Key's ambitious plan
The Government has launched an ambitious plan to wipe out youth unemployment at a cost of $152 million.
Prime Minister John Key has told National’s annual conference in Christchurch that the Government will create up to 16,900 job opportunities for people on the unemployment benefit, aged between 16 and 24.
Currently there are 17,000 young people on the dole, nearly half of whom are Maori and Pacific Islanders.
The major package, dubbed Youth Opportunities, will see jobs either created or existing positions subsidized through a mixture of private job placements, community and council job creation, in-work training, and military-style training programmes.
There will also be extra study places funded at polytechnics and summer scholarships at universities.
In total, 4000 positions will be offered for low-skilled young people in conjunction with businesses and another 3000 in community work.
Another 4000 positions will be offered under National’s exisiting Youth Guarantee scheme, which provides fees-free places for 16 and 17 year-olds not in school.
The scheme will run for the next 18 months, at a cost of $152m. Part of this will be offset through savings from the unemployment benefit.
All employment would be offered at pay rates of at least the minimum wage, and employers would be subsidized with a $3000 up-front payment and a further $2000 after six months, Key said.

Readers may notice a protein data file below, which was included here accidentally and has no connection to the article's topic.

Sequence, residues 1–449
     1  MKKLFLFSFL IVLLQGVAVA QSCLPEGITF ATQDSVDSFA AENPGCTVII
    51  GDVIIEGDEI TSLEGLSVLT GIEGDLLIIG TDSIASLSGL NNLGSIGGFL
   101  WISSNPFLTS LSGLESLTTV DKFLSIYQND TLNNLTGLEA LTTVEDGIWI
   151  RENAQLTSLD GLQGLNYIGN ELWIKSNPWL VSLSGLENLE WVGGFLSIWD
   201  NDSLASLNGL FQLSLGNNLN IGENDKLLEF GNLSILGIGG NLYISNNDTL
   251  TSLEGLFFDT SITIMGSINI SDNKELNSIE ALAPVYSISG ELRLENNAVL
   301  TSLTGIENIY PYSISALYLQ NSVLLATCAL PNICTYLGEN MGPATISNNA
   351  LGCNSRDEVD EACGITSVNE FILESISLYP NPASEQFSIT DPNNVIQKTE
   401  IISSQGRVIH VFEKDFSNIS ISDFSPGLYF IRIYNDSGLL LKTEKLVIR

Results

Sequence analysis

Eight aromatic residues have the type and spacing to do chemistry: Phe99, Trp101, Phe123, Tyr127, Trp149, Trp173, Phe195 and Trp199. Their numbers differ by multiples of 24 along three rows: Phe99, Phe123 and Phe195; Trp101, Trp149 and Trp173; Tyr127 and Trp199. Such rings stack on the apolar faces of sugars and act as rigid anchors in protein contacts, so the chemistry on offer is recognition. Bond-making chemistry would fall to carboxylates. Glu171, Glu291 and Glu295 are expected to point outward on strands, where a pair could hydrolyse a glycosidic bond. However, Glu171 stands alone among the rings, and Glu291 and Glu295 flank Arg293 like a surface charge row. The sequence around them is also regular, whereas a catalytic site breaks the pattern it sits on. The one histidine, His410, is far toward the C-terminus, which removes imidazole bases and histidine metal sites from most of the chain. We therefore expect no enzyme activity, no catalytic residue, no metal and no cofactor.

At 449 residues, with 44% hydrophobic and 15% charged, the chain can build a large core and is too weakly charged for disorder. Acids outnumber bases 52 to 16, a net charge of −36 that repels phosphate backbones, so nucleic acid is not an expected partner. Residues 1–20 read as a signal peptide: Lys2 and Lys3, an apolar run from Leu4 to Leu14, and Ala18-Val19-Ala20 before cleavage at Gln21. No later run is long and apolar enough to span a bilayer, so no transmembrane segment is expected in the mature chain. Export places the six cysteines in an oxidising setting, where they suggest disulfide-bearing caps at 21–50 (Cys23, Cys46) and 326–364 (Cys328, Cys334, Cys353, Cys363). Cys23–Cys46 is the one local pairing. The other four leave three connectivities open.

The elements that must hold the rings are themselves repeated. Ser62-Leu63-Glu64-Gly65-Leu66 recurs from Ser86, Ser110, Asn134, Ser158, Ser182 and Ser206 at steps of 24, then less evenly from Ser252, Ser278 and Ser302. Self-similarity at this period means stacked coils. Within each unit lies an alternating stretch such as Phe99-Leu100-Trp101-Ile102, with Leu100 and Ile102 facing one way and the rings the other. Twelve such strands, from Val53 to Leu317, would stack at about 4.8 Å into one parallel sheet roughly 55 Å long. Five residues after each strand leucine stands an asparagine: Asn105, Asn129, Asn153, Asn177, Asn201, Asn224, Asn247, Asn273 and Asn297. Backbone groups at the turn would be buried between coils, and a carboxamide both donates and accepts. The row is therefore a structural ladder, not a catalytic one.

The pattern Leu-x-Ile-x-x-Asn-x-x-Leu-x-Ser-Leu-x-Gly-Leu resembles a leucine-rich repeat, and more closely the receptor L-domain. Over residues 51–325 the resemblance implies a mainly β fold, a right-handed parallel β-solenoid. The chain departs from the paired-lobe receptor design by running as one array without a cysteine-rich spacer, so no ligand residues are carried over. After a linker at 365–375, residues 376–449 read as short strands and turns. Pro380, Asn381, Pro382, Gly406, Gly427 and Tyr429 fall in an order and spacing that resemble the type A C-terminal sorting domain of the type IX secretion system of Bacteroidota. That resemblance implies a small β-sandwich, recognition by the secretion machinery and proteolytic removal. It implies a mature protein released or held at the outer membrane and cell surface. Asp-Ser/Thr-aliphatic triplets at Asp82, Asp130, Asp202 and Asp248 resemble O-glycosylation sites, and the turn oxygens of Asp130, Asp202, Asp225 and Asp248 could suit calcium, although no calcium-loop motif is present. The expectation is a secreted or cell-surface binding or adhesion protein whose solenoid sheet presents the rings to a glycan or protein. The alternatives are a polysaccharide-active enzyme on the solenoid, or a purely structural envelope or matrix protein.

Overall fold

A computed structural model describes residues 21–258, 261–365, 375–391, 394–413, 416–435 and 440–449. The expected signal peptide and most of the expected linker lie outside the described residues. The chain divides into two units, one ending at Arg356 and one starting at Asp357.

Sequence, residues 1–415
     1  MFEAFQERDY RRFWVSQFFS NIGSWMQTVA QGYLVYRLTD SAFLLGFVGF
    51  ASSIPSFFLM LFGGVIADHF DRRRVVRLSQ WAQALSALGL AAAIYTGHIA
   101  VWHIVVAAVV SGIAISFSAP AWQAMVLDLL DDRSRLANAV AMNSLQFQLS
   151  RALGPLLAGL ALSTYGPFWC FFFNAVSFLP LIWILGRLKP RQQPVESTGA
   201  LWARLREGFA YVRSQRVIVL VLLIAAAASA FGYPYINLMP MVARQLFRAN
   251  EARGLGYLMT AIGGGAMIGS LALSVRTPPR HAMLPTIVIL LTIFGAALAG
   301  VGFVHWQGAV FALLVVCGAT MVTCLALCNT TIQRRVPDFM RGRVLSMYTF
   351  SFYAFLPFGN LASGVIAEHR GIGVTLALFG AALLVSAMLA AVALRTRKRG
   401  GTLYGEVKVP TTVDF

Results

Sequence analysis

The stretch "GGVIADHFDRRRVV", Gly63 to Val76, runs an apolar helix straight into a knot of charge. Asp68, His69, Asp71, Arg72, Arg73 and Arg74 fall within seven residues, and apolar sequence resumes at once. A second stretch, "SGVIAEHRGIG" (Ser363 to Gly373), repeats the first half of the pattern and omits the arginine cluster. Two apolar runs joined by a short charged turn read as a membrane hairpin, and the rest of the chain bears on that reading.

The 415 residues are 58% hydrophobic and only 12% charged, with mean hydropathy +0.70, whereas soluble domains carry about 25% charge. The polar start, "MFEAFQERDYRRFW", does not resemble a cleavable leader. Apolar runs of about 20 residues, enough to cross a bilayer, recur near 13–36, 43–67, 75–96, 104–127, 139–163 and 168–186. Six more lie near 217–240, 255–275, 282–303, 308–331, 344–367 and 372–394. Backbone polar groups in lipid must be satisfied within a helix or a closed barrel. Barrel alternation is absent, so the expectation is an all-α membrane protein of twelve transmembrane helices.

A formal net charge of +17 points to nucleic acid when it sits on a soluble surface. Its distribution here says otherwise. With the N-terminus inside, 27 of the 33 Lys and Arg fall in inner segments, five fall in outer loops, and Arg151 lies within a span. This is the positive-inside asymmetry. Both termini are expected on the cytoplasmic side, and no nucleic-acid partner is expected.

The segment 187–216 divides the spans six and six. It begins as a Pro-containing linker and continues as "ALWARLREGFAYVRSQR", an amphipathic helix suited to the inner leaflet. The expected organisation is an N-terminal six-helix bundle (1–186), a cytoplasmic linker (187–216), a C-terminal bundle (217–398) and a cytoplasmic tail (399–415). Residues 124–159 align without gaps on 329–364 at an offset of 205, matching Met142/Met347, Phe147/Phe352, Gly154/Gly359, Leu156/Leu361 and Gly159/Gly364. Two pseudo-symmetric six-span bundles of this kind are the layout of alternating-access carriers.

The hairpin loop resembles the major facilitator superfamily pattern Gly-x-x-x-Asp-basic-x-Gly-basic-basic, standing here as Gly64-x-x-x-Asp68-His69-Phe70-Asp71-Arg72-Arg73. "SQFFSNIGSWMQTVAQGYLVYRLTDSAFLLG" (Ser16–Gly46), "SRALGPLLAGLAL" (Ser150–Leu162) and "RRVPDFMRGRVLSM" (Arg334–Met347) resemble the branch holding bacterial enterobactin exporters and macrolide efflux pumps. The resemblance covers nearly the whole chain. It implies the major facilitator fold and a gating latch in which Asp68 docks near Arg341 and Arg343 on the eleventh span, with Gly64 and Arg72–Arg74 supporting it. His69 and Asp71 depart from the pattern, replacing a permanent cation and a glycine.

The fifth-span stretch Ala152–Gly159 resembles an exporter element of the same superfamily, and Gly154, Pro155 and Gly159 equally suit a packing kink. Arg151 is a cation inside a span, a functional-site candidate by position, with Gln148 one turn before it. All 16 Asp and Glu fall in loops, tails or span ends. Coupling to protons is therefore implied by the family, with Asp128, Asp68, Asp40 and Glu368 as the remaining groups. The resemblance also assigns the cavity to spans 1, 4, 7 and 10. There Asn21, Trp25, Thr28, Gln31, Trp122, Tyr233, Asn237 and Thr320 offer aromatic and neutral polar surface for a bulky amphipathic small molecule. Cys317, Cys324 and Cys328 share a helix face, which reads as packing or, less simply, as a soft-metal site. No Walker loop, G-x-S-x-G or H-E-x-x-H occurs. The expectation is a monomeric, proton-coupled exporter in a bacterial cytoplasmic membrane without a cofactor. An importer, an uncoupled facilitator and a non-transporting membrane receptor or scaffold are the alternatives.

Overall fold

“I am concerned that for a young person starting out in their working life a long period of unemployment can be very damaging,’’ Key told the conference.
“That is why I have announced a package of initiatives today around work, education and training, designed to strengthen the ladder of opportunity for young people.’’
The package appears to stop short of actually cutting the dole for young people, but Key said there was no reason why young people could not avail themselves of one of the opportunities the government was providing.
Social Development Minister Paula Bennett said 3000 places available for community work would see young people involved in renovating marae, kohanga reo, tidying up parks or reserves or getting rid of graffiti or tagging.
“This is a completely new programme. Times are hard for communities and their young people. This policy will connect young people to the positive work that goes on in our communities.’’
Bennett said the community positions would be paid at the minimum wage ($12.50 an hour) for 30 hours a week, ($375) for up to six months. The Government would also pay a further $1250 to the employer for training.
Bennett said private employers were also being asked to play their part. Businesses with entry-level jobs would be offered subsidies to take on unskilled 16-24 year-olds with little or no qualifications.
Up to 4000 jobs would be funded at a cost of $20 million, again at the minimum wage. All employers regardless of size would be eligible, and paid up to $5000 for six months to take on the young person, Bennett said.
“This is a win for everybody. Young people will get the chance to build their work experience while small to medium-sized businesses will be supported to fill entry roles with limited risk. We’re now looking to employers to come forward with jobs.’’
Education Minister Anne Tolley said the Government would jump-start the Government’s planned Youth Guarantee scheme by implementing it a year earlier than intended.
Up to 2000 full-time equivalent places would be created at polytechnics and wanaga over the next two years with no course fee, although students taking part would not be eligible for students loans.